What South African dads need to know about their new right to paternity leave

If your baby is due soon, you’ll be happy to hear that dad can now take 10 days off work to help you and your new baby get settled at home.


President Cyril Ramaphosa officially signed the Labour Laws Amendment Bill into law late last year (2018). It stipulates that working South African fathers are entitled to 10 days paternity leave after the birth of their child.

The act also makes provision for leave of up to ten weeks when parents adopt or assume surrogacy for a child under the age of two. However, this leave is only granted to one parent.

The role of fathers

“Medical journals are awash with articles on how important a father’s role is during early childhood development. And, of course, the biggest gift a father can give to a new mother is a little bit of help,” says Marelize Meintjes, Family Law Specialist and Director at Faure & Faure Inc.

ALSO SEE: The importance of a dad’s role in a child’s development, according to science

“Fathers who foster a bond with their child during infancy are laying the foundations for a strong, secure, long-term relationship. Society as a whole has also reached a more liberal attitude towards child rearing and we are now starting to recognise parenting is a task intended for two. It is, therefore, important for fathers to know how the Act affects them.

How paternity leave will work now

In the past, fathers who wanted to be with their newborn and partner had to take family responsibility leave, which was limited to three days per annual cycle (paid leave), or they had to use their annual leave days for this privilege. Family responsibility leave is only available after being employed for four months or longer.

Now, fathers are entitled to take leave from the day their child is born.

“Even though fathers now have rights that enable them to be more involved with early parenting, they must not forget that the new laws do still take their employer’s interests into account,” says Marelize. “They must notify their employers in writing within at least one month of the expected date of birth of their intention to take leave.”

Another factor to take into account is the matter of money.

“Section 12 of the Unemployment Insurance Act of 2001 (UIA) was also amended to provide that parental benefits must be paid at a rate of 66% of the earnings of the beneficiary at the date of the application, subject to the maximum income threshold,” explains Marelize.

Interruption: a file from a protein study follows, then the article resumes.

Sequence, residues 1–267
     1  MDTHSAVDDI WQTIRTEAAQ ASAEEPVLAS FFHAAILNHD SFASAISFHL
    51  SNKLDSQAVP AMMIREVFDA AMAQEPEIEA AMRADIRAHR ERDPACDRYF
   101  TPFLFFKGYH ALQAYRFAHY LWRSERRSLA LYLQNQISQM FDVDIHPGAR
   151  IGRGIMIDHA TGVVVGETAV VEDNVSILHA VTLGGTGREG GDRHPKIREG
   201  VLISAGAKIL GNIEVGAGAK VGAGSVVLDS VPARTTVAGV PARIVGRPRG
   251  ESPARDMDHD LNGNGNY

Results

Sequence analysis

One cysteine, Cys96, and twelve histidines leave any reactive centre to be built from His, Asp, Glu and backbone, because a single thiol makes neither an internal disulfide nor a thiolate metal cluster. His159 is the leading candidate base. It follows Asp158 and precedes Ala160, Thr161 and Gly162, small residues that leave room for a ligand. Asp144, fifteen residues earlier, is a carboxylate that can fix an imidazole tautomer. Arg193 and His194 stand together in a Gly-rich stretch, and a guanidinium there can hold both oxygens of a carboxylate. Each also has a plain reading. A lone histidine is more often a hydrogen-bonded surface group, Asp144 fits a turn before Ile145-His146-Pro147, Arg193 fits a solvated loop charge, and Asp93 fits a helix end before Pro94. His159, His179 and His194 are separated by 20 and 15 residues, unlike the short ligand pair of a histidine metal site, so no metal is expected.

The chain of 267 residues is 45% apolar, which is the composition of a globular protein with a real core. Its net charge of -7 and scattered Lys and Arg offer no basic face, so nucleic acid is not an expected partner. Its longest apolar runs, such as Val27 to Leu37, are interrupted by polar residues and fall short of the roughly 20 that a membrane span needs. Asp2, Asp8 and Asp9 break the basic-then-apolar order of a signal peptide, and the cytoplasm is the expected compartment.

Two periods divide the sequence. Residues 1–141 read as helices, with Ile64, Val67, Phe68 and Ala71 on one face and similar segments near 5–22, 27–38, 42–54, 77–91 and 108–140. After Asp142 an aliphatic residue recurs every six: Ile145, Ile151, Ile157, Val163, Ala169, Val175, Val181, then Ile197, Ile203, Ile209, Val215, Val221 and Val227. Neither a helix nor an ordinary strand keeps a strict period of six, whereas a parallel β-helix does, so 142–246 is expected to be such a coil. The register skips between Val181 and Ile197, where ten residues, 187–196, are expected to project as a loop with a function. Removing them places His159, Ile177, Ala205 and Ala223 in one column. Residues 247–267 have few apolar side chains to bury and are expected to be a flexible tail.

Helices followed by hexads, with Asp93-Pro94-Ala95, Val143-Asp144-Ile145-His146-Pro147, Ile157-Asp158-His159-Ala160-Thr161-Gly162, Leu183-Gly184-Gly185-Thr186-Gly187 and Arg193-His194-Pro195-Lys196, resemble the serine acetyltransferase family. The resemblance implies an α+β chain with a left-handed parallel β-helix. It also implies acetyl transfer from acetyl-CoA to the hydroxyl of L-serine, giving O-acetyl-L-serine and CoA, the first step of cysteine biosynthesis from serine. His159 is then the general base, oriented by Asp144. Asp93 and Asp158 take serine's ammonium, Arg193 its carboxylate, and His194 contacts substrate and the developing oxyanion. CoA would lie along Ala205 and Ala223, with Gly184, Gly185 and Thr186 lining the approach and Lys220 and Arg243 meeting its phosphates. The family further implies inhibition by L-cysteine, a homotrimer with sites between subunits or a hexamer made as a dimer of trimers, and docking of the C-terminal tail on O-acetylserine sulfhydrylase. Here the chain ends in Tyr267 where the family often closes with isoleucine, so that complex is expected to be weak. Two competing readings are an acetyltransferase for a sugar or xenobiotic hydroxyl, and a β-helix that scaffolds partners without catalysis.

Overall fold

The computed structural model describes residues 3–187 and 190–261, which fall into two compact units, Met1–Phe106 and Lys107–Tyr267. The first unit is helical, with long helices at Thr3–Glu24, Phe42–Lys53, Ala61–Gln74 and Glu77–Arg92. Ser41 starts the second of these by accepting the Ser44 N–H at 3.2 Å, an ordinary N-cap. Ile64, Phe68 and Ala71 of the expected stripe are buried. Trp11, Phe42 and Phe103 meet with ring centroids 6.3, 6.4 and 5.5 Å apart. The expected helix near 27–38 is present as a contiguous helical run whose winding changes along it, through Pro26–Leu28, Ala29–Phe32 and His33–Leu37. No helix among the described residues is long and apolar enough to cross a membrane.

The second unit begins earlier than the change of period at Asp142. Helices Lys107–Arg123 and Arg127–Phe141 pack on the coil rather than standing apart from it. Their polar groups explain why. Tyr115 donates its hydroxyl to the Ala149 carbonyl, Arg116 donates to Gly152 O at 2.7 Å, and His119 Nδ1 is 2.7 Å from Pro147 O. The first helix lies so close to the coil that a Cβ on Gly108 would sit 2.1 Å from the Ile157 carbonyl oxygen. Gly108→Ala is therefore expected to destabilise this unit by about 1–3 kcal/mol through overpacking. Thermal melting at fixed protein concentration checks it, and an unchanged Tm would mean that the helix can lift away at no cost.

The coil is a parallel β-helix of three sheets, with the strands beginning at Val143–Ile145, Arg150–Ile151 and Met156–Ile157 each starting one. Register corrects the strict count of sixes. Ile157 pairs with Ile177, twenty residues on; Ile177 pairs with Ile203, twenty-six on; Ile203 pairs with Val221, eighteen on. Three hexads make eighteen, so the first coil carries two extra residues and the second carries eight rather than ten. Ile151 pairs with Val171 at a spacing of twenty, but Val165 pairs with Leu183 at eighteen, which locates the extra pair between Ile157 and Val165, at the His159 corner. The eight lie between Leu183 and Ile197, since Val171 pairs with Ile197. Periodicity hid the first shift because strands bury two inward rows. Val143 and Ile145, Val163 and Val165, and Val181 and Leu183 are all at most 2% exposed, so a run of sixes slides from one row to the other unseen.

It is also worth noting that section 26B of the Unemployment Insurance Act of 2001 now also provides that an application for parental benefits must be made in the prescribed form at an employment office and within 12 months after the date of the child’s birth.

When will it actually be implemented?

“President Ramaphosa signed the Labour Laws Amendment Act at the end of November 2018. At the time it was widely published in the media that the changes would come into effect on the 1st of January 2019. This was also confirmed by the ACDP MP Cherellyn Dudley, who introduced the amendments as a private members Bill. Unfortunately, the date was not, as expected, fixed by the President by proclamation in the Government Gazette. The changes didn’t come into effect as yet, but we can expect to see the law’s implementation in the near future. Hopefully dads (and moms) will enjoy the benefits of paternity leave soon,” says Adv. Kaiel Grobler from LIPCO – Law For All.

Maternity leave

Maternity leave is usually a four-month period of unpaid leave. The mother remains employed for this period and her position must be reserved. She can also claim a part of her salary from the Unemployment Insurance Fund. Some employers do, however, pay their employees partially or in full during maternity leave.

ALSO SEE: How South Africa’s maternity leave compares internationally

“The birth of one’s child and parenthood are two of the most incredible events in any person’s life,” says Marelize. “Our laws may still be lagging behind those of countries like India (where fathers are entitled to three weeks of fully paid paternity leave), but this is nonetheless an exciting step in the right direction.”

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